Perseus it turns out, being a son of Zeus, had a lot of power but evidently did not know it since he went to great lengths with powers borrowed from other gods: winged sandals from Hermes and the shield of Athena, to avenge his mother’s captor, marrying Andromeda along his odyssey way.
They were immortalized as stars. Well, constellations.
I once had a star named for my son. It’s a thing you can do. Of course, they don’t really name the star but you get this official-looking certificate showing the sector of sky and coordinates of the star that makes you think so.
not my photo
The Perseids meteor shower began on July 26 this year and will go through the month of August. The peak of the shower is this weekend, a double bonus because there is a new moon so no celestial light “pollution”. Even in cities where there is a lot of light these can be seen.
The shower is actually caused by the comet Swift-Tuttle. Its orbit goes through our atmosphere this time of year and the debris, seeming to come from the Perseus constellation, causes the shower. This one is famous for its large meteors and earth-grazers, fireballs that move slowly through the atmosphere leaving a golden trail.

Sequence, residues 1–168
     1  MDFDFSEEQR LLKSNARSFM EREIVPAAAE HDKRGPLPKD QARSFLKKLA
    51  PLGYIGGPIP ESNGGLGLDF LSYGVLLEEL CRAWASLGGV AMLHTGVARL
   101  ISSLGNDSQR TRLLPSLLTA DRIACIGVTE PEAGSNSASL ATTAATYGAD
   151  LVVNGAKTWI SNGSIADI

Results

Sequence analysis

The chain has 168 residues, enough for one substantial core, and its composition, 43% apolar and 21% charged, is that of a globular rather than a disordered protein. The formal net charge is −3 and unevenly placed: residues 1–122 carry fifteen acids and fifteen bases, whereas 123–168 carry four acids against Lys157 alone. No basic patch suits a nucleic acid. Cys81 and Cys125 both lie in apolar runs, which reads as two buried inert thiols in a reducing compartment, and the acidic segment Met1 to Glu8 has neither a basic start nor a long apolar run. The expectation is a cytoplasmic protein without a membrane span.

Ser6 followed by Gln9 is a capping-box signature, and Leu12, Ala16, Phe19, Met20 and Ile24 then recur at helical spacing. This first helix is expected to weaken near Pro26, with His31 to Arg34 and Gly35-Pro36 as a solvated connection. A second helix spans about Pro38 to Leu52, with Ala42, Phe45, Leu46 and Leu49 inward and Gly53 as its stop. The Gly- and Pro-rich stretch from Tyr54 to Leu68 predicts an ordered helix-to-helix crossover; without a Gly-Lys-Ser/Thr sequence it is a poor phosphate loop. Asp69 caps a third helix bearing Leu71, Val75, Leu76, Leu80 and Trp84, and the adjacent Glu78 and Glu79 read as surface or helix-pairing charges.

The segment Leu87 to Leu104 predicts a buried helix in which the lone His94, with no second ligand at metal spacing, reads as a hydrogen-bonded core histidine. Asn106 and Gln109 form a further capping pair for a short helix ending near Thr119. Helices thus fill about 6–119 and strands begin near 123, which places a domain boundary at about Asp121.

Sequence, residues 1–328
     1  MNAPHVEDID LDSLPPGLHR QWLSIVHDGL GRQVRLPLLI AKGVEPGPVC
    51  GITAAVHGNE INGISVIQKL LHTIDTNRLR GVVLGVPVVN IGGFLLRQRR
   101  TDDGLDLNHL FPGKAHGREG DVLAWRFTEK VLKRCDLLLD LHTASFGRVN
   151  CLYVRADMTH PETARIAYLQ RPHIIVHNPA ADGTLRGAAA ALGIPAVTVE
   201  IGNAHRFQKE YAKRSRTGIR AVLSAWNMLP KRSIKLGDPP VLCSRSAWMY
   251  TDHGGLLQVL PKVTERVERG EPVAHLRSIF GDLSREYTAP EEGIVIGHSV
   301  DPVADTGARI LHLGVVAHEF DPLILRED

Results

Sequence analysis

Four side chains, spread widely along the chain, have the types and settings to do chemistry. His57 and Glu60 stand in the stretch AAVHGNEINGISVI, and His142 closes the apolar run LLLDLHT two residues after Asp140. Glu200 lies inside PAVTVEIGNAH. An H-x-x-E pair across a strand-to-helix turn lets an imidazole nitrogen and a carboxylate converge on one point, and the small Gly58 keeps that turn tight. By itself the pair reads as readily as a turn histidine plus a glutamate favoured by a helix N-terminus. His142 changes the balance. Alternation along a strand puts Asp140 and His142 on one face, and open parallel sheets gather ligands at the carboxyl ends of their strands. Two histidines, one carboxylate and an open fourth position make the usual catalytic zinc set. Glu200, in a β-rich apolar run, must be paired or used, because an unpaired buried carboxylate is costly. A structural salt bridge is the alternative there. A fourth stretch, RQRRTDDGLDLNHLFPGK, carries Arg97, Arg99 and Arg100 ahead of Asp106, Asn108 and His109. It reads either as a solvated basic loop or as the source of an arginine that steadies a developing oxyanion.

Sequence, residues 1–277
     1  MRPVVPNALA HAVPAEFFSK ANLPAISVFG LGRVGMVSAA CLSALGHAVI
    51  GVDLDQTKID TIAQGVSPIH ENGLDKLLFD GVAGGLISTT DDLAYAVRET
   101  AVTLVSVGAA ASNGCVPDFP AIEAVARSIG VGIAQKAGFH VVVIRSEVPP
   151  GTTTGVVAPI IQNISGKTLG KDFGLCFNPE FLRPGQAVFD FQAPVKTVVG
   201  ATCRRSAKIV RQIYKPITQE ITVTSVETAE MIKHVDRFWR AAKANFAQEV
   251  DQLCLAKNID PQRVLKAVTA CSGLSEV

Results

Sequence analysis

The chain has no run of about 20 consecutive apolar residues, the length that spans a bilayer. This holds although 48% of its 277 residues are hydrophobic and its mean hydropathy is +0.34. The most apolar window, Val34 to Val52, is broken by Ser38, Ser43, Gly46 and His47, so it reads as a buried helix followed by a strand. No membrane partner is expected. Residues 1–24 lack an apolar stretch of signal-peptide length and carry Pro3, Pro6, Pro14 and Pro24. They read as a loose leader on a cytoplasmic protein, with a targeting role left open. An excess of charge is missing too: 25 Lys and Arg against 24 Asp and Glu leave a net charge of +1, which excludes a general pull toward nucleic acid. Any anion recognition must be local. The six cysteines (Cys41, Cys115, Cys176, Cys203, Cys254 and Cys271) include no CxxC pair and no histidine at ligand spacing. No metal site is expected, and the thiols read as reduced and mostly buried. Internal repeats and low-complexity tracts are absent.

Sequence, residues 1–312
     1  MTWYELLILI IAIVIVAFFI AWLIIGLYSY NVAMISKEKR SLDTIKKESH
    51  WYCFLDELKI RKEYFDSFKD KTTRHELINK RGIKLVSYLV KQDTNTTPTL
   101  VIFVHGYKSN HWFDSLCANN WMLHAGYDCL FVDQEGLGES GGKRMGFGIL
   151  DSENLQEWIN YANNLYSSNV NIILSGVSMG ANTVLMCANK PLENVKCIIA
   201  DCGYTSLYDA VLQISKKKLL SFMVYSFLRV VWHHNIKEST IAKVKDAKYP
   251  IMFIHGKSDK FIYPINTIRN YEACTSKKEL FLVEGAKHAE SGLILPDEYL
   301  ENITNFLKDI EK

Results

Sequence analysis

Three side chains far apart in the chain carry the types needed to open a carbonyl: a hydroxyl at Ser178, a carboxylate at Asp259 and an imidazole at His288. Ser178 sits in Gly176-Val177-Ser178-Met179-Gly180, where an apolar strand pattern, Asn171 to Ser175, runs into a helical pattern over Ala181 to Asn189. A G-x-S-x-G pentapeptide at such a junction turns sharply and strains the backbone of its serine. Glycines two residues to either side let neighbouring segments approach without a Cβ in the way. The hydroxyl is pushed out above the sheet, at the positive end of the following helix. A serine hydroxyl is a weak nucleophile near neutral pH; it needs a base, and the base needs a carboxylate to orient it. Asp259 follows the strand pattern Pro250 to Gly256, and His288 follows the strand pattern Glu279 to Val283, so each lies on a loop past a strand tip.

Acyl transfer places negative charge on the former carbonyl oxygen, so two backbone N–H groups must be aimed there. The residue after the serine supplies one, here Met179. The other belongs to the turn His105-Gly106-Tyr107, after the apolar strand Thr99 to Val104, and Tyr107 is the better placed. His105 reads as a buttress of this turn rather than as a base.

I am not a night owl and the best time to watch for these is between midnight to just before dawn. For the U.S. they begin to appear above the northeast horizon and around 3 a.m. will occupy the radiant of the entire night sky. They are very dramatic. Like the Leonids in winter. Winter because there is low to no humidity and the atmosphere is much clearer.
My family and I are enjoying our yearly week at the beach beginning today. I fully intend to plant myself out on the sky-dark beach late tomorrow night in a nice beach chair with maybe a beach towel if it gets cool (unlikely) and watch. Even though meteors can be seen pretty much any given night during the year these are most visible. There are between 60-80 meteors per hour at the peak time.
So I hope the sand crabs decide I am just too big an object to drag home for a midnight snack.
“He counts the number of the stars; He gives names to all of them. Great is our Lord and abundant in strength; His understanding is infinite.” –Psalm 147:4-5